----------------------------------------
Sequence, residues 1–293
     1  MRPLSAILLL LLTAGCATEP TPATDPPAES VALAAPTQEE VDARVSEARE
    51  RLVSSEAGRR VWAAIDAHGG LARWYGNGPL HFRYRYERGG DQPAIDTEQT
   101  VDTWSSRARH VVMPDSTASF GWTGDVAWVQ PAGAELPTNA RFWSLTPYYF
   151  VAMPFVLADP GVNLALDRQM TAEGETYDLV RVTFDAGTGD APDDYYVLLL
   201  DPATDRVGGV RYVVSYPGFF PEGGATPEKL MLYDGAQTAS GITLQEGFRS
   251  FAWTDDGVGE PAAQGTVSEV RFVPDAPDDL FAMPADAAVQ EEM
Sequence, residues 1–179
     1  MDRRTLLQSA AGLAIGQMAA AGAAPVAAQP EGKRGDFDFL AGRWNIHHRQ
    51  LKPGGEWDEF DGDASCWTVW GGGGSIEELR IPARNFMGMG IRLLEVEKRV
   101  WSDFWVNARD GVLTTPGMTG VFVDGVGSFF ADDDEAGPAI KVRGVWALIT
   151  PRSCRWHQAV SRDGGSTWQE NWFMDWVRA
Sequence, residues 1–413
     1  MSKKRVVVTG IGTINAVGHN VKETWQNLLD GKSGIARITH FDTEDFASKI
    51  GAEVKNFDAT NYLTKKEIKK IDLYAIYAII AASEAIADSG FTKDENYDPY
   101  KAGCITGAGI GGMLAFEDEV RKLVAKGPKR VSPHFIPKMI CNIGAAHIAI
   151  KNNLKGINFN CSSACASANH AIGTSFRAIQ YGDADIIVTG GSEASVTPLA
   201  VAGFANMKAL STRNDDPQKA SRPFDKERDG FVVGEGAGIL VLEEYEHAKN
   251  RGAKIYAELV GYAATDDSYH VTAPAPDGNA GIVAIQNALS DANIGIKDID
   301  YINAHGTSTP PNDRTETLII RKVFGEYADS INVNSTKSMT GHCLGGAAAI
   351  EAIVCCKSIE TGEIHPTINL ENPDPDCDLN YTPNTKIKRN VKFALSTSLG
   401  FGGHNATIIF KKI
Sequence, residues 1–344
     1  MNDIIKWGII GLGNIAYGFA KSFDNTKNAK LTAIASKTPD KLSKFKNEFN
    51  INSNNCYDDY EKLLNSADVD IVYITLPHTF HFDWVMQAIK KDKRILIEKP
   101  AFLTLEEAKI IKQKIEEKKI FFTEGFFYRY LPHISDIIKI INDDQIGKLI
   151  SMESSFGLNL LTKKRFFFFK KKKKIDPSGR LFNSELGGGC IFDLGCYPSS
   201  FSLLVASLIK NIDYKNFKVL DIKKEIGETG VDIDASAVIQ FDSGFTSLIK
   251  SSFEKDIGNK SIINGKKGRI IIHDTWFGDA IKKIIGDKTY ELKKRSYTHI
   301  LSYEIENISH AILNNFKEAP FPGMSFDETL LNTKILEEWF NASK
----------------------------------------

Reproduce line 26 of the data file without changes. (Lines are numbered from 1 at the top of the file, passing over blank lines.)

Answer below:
   101  AFLTLEEAKI IKQKIEEKKI FFTEGFFYRY LPHISDIIKI INDDQIGKLI